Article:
# ES6 functions

In ES6 (Or ECMAScript 6), functions can have a slightly different look, using the "arrow functions". They are still assigned to a variable usually, in the following syntax:

const functionName = (argument, otherArugment) => {
  // function code
  return "Some Value";

So is there any difference between the regular and ES6 functions? There's a few, and they're all very useful.

# Return is implied

If you have an arrow function that does not have curly braces, the return is implied. This means that you can greatly simplify very simple functions. For instance, our add function:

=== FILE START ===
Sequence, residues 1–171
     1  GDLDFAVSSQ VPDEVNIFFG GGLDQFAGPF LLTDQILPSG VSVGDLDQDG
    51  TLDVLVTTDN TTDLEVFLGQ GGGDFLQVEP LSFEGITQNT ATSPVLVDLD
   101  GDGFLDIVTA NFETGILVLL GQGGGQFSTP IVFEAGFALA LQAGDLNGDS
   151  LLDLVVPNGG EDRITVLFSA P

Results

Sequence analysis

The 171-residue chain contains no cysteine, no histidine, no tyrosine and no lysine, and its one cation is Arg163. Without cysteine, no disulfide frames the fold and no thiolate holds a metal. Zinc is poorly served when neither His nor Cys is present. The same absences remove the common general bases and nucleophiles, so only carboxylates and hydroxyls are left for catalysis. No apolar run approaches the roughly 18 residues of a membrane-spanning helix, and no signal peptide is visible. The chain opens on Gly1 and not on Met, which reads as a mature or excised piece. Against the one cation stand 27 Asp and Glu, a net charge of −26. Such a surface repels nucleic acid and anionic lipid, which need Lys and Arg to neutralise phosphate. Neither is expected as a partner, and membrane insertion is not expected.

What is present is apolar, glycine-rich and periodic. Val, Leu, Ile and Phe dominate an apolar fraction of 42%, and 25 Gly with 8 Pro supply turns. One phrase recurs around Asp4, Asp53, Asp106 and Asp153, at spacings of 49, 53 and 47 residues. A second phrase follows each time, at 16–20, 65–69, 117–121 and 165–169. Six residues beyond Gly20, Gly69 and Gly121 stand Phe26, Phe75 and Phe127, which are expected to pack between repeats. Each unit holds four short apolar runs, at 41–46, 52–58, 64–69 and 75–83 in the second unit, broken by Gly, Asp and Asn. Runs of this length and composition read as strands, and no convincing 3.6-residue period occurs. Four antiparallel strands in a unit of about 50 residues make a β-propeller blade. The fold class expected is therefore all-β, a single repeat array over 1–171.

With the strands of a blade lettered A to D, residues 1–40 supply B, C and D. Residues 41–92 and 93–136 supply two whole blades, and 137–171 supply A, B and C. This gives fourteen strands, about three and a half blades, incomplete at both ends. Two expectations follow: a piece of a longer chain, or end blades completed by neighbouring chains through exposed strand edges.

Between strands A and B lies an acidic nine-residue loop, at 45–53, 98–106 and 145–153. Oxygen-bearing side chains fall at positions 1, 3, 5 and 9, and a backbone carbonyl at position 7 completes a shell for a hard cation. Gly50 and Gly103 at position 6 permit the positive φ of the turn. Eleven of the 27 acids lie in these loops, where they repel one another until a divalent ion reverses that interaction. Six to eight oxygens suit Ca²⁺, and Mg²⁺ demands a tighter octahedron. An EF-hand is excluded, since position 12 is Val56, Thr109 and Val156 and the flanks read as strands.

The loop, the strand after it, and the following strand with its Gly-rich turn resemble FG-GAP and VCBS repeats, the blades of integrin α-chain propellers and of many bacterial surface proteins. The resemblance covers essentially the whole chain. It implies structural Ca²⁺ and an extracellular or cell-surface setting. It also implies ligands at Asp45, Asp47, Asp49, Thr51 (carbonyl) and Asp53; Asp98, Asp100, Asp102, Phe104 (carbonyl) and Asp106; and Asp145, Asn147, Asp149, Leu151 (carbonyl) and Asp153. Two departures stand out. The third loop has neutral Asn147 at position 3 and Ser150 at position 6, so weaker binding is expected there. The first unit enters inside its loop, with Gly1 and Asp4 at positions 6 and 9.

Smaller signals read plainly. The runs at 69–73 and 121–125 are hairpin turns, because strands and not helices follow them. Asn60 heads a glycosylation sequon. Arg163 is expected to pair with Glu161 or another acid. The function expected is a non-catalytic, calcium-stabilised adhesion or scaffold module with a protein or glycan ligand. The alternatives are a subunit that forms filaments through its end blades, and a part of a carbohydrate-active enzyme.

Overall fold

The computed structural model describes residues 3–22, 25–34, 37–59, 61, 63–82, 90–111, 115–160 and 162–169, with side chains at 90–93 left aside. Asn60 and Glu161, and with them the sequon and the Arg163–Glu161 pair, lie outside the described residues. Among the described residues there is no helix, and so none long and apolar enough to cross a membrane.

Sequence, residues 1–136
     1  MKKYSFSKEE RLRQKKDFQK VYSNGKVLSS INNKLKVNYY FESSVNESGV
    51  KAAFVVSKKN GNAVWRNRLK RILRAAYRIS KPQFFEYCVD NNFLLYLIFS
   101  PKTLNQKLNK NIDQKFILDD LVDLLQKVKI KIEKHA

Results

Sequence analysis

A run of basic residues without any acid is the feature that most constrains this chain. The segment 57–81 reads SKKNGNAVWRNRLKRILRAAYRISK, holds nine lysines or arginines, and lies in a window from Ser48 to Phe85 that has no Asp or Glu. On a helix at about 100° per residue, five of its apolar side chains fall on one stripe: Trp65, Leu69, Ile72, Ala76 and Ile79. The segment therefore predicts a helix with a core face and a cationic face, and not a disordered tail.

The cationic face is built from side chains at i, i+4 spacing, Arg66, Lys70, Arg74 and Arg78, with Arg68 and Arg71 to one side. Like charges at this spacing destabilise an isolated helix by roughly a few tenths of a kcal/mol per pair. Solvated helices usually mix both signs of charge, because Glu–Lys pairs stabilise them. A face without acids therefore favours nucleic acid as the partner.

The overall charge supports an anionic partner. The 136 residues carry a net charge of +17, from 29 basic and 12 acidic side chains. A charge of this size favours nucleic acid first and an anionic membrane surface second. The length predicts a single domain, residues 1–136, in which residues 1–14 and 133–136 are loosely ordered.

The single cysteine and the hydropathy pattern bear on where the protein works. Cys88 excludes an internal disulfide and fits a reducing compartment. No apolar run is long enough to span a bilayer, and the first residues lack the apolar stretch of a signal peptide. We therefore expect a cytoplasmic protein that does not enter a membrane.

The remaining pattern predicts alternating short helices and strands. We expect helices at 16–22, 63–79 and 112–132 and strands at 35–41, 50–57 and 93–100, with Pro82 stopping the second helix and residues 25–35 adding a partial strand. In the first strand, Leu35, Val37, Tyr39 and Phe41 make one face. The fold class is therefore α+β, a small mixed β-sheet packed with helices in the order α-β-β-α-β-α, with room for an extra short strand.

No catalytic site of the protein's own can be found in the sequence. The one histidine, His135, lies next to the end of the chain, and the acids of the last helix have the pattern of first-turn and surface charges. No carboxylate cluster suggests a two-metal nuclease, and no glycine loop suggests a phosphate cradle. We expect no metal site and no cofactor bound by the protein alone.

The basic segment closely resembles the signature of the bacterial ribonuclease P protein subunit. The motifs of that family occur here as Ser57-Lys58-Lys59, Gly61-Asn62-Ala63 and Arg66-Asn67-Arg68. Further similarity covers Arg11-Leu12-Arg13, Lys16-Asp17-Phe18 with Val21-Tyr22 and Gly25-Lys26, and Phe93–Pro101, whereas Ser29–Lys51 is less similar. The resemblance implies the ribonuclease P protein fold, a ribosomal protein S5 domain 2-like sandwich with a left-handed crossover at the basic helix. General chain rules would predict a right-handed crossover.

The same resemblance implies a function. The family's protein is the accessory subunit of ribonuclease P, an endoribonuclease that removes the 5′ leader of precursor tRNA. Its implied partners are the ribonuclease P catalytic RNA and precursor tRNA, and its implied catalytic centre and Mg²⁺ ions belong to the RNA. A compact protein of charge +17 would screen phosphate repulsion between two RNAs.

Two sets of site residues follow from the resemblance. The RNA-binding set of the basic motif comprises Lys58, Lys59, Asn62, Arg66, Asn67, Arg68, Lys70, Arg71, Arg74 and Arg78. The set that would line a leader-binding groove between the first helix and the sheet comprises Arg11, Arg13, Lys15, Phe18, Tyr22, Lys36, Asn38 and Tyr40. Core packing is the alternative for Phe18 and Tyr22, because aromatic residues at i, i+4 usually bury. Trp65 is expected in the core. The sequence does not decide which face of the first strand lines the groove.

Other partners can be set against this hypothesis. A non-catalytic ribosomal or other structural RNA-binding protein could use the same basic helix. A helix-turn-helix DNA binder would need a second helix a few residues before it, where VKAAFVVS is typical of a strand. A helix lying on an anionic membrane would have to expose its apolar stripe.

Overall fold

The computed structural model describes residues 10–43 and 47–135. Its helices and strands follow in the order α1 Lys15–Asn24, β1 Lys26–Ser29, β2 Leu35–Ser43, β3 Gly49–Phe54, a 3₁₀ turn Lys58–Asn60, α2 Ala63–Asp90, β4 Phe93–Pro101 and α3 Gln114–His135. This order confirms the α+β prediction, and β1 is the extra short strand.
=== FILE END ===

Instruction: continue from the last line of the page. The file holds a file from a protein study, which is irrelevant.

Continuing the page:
function add(arg1, arg2) {
  return arg1 + arg2;
// Simplified to: 
const add = (arg1, arg2) => arg1 + arg2;

# This keyword is not overwritten

Mostly useful in relation to class inheritance. this , in regular functions, refers to the function itself, meaning this.thing = blah will add that property to the function or method. However, the ES6 arrow function does not overwrite this so it refers to the upper scope. This is all technobabble to some, but if you know how to work with classes and modules, you'll understand why this is useful.

# Single-argument functions are simpler

When a single argument is present in an arrow function, you don't need the parentheses around that argument. Which means that const split = str => str.split(" "); is a perfectly valid function that will return an array of string parts, split by spaces (ok, not a useful function, but you get the picture).